The winter season comes with huge challenges for horses and their owners. Taking care of the animals in cold weather conditions is certainly a hard job; for example, horses need to drink warm water (heated between 45 to 65 degrees Fahrenheit) and feed extra hay. On the part of horse owners, it is highly important to provide improved horse care by regularly performing hoof maintenance routines, closely examining the animal’s body condition, and ensuring that the barn is properly ventilated, sanitized and protected from harmful insects, reptiles or predators. But the fact that equine health can easily deteriorate under harsh weather conditions such as summer, and especially winter, highlights the need for special care throughout the year.
Here are a few tips for taking care of your horses in winter
Winterize living conditions
You can decide to keep your horse in its stable at night during winter—depending on the animal’s age, health, and atmospheric condition. Aged and sick horses should remain in the shed especially when weather forecasts show possibilities of severe frosts, harsh winds, extreme temperature, and snow.
However, healthy and strong ponies may stay out at night, wearing a protective rug.
Learn the importance of time management
A proper horse care routine involves taking them out in daylight and keeping them locked up in the barns at night. This will provide opportunities for the animals to stretch their legs, adjust to temperature changes, breathe fresh air, and enjoy a different environment, but more importantly, keep them less bored when stabled.
Use the right blankets
Horses need constant movement to keep warm during winter but it is important to provide better insulation by using appropriate blankets (also known as rugs), which should be lightweight, comfortable, and stable—especially for clipped horses.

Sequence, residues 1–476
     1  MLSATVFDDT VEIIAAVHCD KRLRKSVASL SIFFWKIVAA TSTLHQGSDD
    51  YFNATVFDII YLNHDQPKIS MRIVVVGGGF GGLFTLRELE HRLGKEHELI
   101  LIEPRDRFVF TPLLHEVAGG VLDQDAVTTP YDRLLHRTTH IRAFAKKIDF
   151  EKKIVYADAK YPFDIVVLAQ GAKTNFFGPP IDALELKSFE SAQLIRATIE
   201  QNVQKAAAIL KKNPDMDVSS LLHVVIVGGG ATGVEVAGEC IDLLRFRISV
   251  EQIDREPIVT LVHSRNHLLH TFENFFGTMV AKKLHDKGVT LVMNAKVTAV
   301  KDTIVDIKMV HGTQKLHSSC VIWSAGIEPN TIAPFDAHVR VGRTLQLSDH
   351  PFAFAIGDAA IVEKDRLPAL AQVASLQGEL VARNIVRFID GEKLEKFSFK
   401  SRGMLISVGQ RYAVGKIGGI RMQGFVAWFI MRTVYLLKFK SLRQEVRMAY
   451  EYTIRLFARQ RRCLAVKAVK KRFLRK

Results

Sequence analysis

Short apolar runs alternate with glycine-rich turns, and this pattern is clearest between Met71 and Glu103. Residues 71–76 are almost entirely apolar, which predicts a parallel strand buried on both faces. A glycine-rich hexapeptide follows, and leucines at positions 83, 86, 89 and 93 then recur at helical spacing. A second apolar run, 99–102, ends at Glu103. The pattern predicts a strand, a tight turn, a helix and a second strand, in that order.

You should never use waterproof as horse cover or let the animal out in the rain when it is covered with a blanket. Rugs are like towels that can absorb water and weigh down a horse—with underlying health consequences.
Horse sheets are best used to cover a horse after it has been groomed and is ready for a show. You should not use horse sheets as protective cover from extreme cold.
Provide suitable outdoor environment
Horse need a proper outdoor environment for the short time they will spend outside the stable, so horse owners should provide shelter to keep the animals safe from harsh weather conditions, including rain and wind. Whether the shelter place is a barn or shed, the horse needs an easily accessible cover where it can go in and out at will.
Moreover, good drinking water should be available in the shelter—including a no-freeze device or water heater—to see that the horse always has warm, drinkable water.
Avoid overheating the animal
The horse’s skin naturally insulates its inner body during winter—to an extent—even though the skin feels very cold when touched with bare hands. However, equine health experts suggest use of blanket for sick, old, clipped, rescued, thin, or special-needs horses. Horses can regulate their body temperatures with more ease when wearing a blanket, so you need to get blankets—if you haven’t been using them, bearing in mind that the animal’s perception of cold is not the same as humans’.
Do not use heavy or extra piles of rug. You should ensure that recommendations for using blankets (according to body weight and weather conditions) is strictly adhered to.
Moreover, horse owners should understand the difference between dry and wet cold. According to horse health experts, dry cold is worse and requires use of high-quality waterproof rugs which is most suitable for reducing heat loss and keeping the animal dry.
Learn about winter health challenges
Horses are susceptible to infections, sickness and diseases in winter, so you should learn how to identify possible health problems and manage ailments during the coldest days of the season. For example, the animals are prone to respiratory ailments caused by mold, dust, and ammonia growth in the shed. Risks to skin problems are higher in winter and these include open wounds or scratches which increases risk of infections. Others are ringworm, lice, rain-rot and bed itch.
Do not put blanket on a wet horse because it gives room for moist build-up. Use of breathable rugs is advised. However, you should keep the animals well groomed, clean and properly disinfected—for example, by using Hibiscrub.
In addition, you should keep your stable well ventilated and clean although horses often need safe outdoor experiences for pasture, good air, and exercise.
Apply a mix of the winter care tips listed above, and contact your vet for prepare advice and/or treatment when it is necessary to do so.